Paul Johnson

Paul Johnson is Editor of A Luxury Travel Blog and has worked in the travel industry for more than 30 years. He is Winner of the Innovations in Travel ‘Best Travel Influencer’ Award from WIRED magazine. In addition to other awards, the blog has also been voted “one of the world’s best travel blogs” and “best for luxury” by The Daily Telegraph.

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  1. Intentionally Lost is such a great name for a travel business. If you are going to make the most of travel there often comes a point where you have to be brave enough to let go and allow yourself to get lost. In many places it’s counter-intuitive as you always know that your phone’s GPS is there to save you – but sometimes it’s worth switching it off.

    1. Thanks Lorraine. That’s the idea behind the name exactly and you put it so perfectly. I confess I do try to have cellular connection pretty much anywhere I travel just in case. Good ol’ paper maps are still quite useful too for those times you really want to disconnect. Then I usually have to find someone to help me translate the language printed on the local maps, and that’s a whole adventure in itself too.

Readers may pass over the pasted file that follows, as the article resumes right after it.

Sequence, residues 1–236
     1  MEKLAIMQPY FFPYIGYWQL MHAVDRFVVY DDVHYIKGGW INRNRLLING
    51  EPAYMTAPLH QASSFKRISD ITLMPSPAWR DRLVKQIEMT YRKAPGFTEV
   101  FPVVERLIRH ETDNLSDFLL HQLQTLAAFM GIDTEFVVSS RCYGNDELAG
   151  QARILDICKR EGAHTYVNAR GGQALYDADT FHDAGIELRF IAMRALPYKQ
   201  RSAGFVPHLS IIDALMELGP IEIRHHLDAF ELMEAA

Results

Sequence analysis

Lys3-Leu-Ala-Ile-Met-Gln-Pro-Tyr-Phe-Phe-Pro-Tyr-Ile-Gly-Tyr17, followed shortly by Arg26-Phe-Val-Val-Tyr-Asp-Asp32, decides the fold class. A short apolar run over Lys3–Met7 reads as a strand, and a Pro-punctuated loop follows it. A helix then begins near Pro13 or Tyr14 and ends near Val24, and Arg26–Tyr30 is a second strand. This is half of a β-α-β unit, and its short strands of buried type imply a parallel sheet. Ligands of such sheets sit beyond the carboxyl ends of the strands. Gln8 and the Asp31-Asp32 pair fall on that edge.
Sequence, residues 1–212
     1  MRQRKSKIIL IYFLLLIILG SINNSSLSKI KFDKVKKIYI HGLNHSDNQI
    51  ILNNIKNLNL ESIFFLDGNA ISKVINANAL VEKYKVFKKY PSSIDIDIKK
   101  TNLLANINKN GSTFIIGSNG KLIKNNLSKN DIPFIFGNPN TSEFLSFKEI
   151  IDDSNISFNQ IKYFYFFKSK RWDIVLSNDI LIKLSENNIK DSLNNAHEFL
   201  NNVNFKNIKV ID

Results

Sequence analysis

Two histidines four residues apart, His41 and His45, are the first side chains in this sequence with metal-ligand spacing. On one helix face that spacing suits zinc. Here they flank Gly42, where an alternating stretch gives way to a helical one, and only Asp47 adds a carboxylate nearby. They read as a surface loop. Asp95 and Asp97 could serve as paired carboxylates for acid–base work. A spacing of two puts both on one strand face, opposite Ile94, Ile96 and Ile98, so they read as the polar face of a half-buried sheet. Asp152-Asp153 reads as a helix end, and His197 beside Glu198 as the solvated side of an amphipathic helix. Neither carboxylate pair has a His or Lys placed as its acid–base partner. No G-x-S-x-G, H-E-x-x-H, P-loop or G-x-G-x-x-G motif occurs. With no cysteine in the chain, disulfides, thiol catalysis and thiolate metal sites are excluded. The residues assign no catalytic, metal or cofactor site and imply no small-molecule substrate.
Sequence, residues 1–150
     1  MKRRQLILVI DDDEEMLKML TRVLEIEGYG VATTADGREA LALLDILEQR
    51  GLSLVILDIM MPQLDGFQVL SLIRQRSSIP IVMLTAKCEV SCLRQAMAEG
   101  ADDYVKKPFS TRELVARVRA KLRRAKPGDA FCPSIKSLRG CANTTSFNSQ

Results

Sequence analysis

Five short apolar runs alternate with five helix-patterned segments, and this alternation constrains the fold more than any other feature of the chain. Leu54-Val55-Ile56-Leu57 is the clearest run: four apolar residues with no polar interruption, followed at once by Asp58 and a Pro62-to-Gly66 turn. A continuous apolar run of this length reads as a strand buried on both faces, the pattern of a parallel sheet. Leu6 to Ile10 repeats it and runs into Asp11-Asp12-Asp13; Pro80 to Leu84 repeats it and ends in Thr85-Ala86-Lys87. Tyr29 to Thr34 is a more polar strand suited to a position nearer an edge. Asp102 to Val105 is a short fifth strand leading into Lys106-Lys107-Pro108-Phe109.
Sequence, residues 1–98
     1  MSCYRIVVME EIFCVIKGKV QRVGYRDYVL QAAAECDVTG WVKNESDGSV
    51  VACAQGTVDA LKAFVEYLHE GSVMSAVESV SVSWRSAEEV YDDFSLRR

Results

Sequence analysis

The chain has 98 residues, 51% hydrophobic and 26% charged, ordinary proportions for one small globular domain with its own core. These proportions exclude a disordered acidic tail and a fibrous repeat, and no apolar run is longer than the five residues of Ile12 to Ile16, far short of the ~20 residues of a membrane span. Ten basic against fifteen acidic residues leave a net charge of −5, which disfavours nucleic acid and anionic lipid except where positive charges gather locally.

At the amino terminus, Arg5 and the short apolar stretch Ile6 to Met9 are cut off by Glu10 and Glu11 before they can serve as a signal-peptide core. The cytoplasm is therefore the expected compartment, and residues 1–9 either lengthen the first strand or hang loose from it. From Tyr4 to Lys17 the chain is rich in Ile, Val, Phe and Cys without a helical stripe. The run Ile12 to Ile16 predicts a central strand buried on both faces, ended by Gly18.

2. And I’d almost forgotten that black and white photography existed. There are times like with this picture when it is really atmospheric and works very well.

    1. I often use black and white when there’s little or no dynamic light. The morning when I made this photo I was hoping for a bright orange sunrise, but a blanket of low clouds kept the sun from shining on the temple so I was looking for depth and shapes in my compositions to create a sense of space and size.

  3. I’ve had similar adventures in Cambodia. From the picture, I can see that Borobudur exudes the same kind of mystical, spiritual vibe as Angkor Wat. Very rural and rough, but very spiritual. It’s the kind of place that visitors would immediately keep quiet and talk in hush tones without even told to. It immediately commands reverence even if you are from a different religion. Beautiful photo. Makes me want to take my analog film camera to do some old school photography.

  4. I’ve not been to the temple complexes in Cambodia. That’s on my travel list for sure. I waited a long time to make this frame with nobody in the photo. I can assure you there were crowds of people everywhere, but for the most part everyone was in reverent awe as you say. I saw several people around the temple who found their own quiet spot and were doing their private prayers.